The Packaged Deal
As Hunnicutt went on to explain, there’s more to the disconnect than simply market demands from the consumer. It turns out the consequences are a bit of a packaged deal, bringing the potential of “change on the legislative level.” Rumbaugh explains, “[Hunnicutt] said producers want to avoid the push by those not involved in agriculture for farmers to circle backward. Most people would not want to get on an airplane that used technology from several decades ago, he said. But some believe farmers should go back to farming methods used in the past.” They often consider these older practices “safer or more sustainable.” In fact, however, the industry has developed newer methods and technologies for the very purposes of being “safer” and “more sustainable” than these old practices.
David Perry at the World Economic Forum reiterates the effects of consumers on technological advancements. He writes in a 2017 article, “Connecting consumer preference to farm profitability is essential for driving the adoption of these new technologies.” Later, he continues, “The essential connection between agricultural practice and consumer preference will dramatically accelerate the adoption of new sustainable technologies in agriculture.”
Perry points to the organic movement for an example of how this works. When it comes to “specialty fruits and vegetables,” he says, “organic consumers have demonstrated a willingness to pay a premium for crops grown in a way that benefits the environment. This premium provides an incentive for farmers to grow crops using organic methods, despite these being more difficult to grow and often resulting in lower yields.” In other words, organic may cost farmers more up front. But it’s a cost consumers are willing to pay.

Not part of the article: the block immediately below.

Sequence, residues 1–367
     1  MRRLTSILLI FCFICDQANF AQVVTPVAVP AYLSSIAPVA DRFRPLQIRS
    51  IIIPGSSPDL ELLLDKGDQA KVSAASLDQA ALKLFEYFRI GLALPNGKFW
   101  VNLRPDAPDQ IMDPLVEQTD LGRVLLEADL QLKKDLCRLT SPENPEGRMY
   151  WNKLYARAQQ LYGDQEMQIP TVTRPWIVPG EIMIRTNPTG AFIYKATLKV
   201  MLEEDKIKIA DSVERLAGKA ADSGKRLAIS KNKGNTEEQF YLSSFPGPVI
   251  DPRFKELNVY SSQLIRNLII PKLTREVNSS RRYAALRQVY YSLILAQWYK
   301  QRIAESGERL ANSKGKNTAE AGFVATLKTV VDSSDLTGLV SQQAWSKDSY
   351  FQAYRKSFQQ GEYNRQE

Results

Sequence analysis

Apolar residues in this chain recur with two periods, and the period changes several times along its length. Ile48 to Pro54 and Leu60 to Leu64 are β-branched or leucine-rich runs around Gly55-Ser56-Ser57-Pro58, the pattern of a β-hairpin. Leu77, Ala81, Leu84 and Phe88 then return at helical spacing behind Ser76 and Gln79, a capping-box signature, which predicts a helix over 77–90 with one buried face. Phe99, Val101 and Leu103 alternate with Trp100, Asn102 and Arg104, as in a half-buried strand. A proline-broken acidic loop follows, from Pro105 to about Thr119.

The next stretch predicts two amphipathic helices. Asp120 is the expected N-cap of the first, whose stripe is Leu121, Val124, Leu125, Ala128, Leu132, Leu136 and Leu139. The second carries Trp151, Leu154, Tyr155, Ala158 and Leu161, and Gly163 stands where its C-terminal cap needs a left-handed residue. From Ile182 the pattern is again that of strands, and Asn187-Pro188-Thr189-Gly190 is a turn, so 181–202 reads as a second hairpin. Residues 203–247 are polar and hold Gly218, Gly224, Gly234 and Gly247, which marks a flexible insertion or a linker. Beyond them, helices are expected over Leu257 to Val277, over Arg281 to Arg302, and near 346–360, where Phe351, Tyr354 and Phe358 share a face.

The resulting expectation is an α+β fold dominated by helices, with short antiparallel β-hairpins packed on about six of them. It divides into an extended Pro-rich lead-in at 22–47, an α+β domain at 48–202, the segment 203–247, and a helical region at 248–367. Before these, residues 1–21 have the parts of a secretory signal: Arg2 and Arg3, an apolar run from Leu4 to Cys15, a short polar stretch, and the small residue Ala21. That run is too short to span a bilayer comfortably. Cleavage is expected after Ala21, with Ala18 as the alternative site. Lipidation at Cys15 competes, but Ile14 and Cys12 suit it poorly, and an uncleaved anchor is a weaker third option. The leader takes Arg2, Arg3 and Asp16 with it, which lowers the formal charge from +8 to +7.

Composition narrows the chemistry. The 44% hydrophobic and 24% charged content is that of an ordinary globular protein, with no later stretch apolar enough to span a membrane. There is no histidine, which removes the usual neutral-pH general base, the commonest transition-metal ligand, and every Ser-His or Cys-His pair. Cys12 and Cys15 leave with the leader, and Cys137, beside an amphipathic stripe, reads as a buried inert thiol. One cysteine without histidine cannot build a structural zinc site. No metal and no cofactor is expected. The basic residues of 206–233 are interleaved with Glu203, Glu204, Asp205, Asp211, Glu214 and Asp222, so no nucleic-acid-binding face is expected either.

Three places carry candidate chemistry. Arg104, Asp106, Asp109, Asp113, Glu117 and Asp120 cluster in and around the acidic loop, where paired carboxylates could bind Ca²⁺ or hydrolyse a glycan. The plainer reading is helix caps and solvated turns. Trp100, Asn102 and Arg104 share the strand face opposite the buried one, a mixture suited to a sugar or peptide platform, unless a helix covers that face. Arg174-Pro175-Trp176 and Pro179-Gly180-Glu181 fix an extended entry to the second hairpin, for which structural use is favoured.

Be a Back-Seat Driver
With this, Perry circles back to our original point of the consumer’s purchasing power. He continues, “Consumer willingness to express a point of view with their wallets can directly impact the management decisions of growers.” And then he gives the industry yet another reminder of the issue at hand, asserting that, “[f]or most of today’s commodity crops, there is a pronounced disconnect between consumer preferences and growers’ practices.” The consumer is in the driver’s seat but, in a sense, doesn’t always go where the ag industry needs to go.
So, if this is true, what’s the take-home for the ag community?
In my mind, the take-home is for the ag community to become the world’s nicest back-seat driver. Usually that term comes with negative connotations, but I suppose we could think of it more like a navigator. The ag industry has the resources and the knowledge to tell consumers all about the terrain. And by “terrain,” I mean the terrain of the food world. They know the back-streets to take. They know the slow routes to avoid. So, since they have things that are worth sharing with the consumer, why not hop in the back of the car?
If you’re a part of that community, take a ride and share your knowledge. Share the story of agriculture. You may find that consumers are more ready to listen than you thought. And you may end up helping consumers take the industry in some great directions. After all, informed consumers help the ag industry. So why don’t you help inform them?